Nuclear reactions occur when the number of protons and neutrons in an atom's nucleus changes, much as chemical reactions cause compounds to transform into other compounds by exchanging electrons. Some nuclear processes can actually expel protons from the nucleus or convert them to neutrons. These processes are called radioactive decay because they result in a loss of mass and thus decay of the atomic nucleus. Other nuclear processes include fusion (the formation of a heavier element) and fission (the splitting of a heavy nucleus into two smaller nuclei). Neutrons are important in the study of nuclear physics because they can participate in these same nuclear reactions that change the number of protons and neutrons in an atom's nucleus. Thus, both alpha particles and neutrons are used in experiments to probe the structure of atoms and molecules.
When an atom loses one or more protons it becomes a neutron star. This is because there is no longer enough positive charge left over in the nucleus to keep the electron cloud around it. The atom has now decayed into something else, but since we don't know what else could contain a net positive charge we call this state "neutron-rich".
At the beginning of time, before any stars formed, there were only hydrogen atoms. As these atoms burned away their elements were left behind to form new generations of stars and planets.
Nuclear Alteration The nuclei are preserved throughout chemical change and merely change how they are bound together (the electrons). Nuclei can disintegrate to generate smaller components. Nuclei can combine to form heavier atoms. Neutrons can be converted into protons, and protons may be converted into neutrons. This process is called nuclear fission. Nuclear fusion is the reverse process - two nuclei merging to form one larger one. An example of nuclear fusion is when two protons collide and fuse to form a neutron plus a hydrogen atom. Another example is when two electrons orbit around an atomic nucleus non-productively (in other words, not forming negative energy states) and thus remain attached to it, resulting in its stabilization. This is known as electron binding by radiation.
Alteration means "to make different or new," so this phrase means "something that makes itself different or new." In science we use experiments to see what happens to elements when they are changed by heating or burning. We call the results of these experiments alterations.
Alterations of the nucleus occur in radioactive substances. Energy is released when nuclei decay, splitting themselves apart or being split by external forces. Radioactive materials become more abundant over time because the nucleus of each atom is changing as it decays.
Atoms' identities can be altered through nuclear processes that alter the amount of protons in their nucleus. Nuclear processes that modify the number of neutrons in an atom do not transform it into a new element. Isotopes are atoms that have the same number of protons but differing numbers of neutrons. An isotope can be considered to be another name for a chemical element. The term isotope is commonly used when referring to the elements that make up humans or other organisms, while the term compound is usually reserved for inorganic substances that contain more than one element.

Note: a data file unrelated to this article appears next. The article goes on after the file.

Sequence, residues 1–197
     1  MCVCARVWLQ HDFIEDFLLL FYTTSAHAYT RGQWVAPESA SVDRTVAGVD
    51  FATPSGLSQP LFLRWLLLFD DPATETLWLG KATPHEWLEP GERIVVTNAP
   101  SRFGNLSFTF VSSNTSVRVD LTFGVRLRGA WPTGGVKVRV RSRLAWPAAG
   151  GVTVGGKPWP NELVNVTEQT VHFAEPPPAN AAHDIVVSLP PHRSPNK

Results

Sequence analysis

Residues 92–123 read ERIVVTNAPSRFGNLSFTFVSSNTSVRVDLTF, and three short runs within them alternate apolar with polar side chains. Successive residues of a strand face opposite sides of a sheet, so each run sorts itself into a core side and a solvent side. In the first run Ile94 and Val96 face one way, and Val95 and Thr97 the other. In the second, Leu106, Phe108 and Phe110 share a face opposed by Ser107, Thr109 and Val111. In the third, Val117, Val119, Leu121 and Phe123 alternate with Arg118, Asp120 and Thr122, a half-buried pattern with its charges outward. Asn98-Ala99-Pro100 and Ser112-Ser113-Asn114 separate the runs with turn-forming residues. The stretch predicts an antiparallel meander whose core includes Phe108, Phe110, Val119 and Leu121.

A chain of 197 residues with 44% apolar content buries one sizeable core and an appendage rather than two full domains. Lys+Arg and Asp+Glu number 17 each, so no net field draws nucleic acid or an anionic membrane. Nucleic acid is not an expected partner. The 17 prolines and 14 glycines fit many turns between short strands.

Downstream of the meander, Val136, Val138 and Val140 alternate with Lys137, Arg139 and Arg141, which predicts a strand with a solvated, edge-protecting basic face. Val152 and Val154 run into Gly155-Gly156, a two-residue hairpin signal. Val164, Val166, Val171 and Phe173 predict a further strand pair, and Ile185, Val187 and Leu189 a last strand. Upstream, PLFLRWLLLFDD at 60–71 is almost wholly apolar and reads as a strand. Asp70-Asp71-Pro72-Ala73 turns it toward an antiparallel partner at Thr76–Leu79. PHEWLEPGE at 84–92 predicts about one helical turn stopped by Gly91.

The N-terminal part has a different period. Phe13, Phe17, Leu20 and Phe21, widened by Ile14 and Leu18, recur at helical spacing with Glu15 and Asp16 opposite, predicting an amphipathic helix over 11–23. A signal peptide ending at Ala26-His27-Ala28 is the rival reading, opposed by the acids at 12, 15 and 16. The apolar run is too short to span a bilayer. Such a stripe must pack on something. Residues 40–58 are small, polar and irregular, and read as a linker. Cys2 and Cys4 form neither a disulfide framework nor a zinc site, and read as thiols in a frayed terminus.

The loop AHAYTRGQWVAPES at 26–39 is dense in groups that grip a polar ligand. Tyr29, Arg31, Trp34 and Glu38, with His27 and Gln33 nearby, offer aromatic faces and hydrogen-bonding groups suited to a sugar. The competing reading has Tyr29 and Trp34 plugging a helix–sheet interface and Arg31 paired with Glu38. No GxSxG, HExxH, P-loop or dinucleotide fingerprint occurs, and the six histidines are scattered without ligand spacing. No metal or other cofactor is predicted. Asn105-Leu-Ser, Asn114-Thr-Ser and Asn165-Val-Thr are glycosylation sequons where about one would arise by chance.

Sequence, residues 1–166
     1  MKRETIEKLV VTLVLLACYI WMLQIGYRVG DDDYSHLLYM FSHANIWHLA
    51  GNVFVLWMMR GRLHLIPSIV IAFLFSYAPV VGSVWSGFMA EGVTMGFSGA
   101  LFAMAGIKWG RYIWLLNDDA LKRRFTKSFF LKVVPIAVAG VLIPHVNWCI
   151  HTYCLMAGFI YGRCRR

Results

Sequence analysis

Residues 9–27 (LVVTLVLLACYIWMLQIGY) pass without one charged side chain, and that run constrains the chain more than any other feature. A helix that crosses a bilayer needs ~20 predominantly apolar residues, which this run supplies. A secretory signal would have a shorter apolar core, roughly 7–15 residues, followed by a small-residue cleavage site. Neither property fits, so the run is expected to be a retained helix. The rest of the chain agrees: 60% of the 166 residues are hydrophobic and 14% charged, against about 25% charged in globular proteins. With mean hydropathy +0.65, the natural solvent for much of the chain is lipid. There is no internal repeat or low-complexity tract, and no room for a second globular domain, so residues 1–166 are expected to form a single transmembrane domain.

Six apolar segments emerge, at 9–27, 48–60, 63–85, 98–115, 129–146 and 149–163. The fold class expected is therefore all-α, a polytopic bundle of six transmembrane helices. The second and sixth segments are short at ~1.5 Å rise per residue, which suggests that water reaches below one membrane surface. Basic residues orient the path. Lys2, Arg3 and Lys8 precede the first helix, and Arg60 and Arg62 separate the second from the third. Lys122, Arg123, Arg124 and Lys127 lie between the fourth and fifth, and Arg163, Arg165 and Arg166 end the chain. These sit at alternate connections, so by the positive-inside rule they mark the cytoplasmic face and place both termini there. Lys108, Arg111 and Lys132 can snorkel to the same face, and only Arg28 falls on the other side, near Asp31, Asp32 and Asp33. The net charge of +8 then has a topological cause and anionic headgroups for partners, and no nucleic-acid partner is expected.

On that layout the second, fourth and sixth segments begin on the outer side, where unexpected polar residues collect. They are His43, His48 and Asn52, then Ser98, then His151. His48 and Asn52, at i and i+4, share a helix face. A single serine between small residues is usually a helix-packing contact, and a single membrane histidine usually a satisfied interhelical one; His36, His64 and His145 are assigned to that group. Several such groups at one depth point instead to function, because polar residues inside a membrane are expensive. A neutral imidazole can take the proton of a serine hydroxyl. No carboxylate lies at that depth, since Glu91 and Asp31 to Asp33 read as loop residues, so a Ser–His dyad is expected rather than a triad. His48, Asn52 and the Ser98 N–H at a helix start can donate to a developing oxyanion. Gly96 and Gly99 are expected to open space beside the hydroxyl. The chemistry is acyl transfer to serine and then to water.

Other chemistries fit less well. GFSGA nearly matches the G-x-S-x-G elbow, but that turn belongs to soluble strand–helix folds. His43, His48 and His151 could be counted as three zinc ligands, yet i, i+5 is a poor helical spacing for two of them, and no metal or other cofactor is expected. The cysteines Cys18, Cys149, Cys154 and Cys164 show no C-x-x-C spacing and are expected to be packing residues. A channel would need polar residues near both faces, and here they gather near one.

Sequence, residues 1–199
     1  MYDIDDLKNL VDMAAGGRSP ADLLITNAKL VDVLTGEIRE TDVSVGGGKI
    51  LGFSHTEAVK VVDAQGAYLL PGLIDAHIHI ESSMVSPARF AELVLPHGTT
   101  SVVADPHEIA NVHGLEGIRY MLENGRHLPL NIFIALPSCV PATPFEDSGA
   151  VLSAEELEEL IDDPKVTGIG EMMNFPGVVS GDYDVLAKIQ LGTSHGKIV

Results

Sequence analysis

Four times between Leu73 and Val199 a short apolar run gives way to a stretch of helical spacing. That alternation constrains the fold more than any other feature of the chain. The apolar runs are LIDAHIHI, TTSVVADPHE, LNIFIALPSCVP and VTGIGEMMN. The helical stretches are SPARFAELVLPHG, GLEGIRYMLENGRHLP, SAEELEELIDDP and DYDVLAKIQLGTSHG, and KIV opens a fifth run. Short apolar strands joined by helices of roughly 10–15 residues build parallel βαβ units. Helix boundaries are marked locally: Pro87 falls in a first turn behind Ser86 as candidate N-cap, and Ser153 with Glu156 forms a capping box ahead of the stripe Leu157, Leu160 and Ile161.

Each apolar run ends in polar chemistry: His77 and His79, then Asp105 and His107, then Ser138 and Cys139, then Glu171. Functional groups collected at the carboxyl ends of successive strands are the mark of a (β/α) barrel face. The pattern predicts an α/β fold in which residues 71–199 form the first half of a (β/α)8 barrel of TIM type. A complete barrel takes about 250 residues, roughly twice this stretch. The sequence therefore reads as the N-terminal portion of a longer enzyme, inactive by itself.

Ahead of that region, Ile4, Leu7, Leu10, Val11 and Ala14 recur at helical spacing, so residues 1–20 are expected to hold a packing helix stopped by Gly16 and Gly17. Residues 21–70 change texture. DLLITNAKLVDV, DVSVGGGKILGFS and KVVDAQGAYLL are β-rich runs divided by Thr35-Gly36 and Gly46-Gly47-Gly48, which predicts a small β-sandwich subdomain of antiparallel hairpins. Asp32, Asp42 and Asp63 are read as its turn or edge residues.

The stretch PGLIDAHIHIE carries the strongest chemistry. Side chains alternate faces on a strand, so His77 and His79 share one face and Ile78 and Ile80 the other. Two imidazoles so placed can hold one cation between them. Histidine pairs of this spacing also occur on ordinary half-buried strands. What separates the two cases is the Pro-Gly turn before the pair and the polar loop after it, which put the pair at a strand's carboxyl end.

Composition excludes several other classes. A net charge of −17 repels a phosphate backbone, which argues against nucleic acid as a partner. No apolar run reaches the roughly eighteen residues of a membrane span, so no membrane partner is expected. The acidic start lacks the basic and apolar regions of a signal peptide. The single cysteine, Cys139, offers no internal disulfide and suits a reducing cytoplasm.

Isotopes can be distinguished by their different atomic weights. All atoms have the same number of electrons as well as the same mass. The only difference between two atoms is their mass number - the total number of protons plus neutrons. For example, carbon has six protons and six neutrons, so its mass number is 12. Oxygen has eight protons and eight neutrons, so its mass number is 36. By comparing the masses of various isotopes, scientists can learn a lot about what happens to atoms during nuclear reactions. For example, physicists know that nuclei of some elements (such as uranium) can absorb particles (called alpha particles) with no effect on its identity. These are called stable isotopes because they do not change type or element when absorbing alpha particles. Other elements, such as nitrogen, can absorb alpha particles and become radioactive elements that produce energy in the form of gamma rays during this process known as alpha decay.
This is referred to as a chain reaction, and it is the cause of an atomic explosion. When a uranium-235 atom absorbs a neutron and fissions into two new atoms, three new neutrons and some binding energy are released. As a result, a nuclear chain reaction occurs. See Nuclear Fission for further information.
An atom is made up of protons, neutrons, and electrons. The number of protons in the nucleus must be equal to or greater than the number of neutrons, otherwise the atom would be too heavy to remain stable. Thus, the nucleus of an atom is typically composed of neutrons with a few protons attached, which creates a positive charge within the nucleus. An electron cloud surrounds each atom, giving it its color, but also keeping any other particles outside the nucleus at a distance. A hydrogen atom, which is the lightest atom, has one proton in its nucleus and one electron in its cloud. A uranium atom, which is very unstable without a neutron coating, will absorb a neutron and become highly radioactive. If enough neutrons are absorbed, their effects will be counteracted by photons being emitted during beta decay, and the atom will eventually decay into an inert product (which may be another element or just carbon dioxide). A nuclear explosion releases a large amount of energy in a very short time. This energy is found in the form of heat, light, and radioactivity.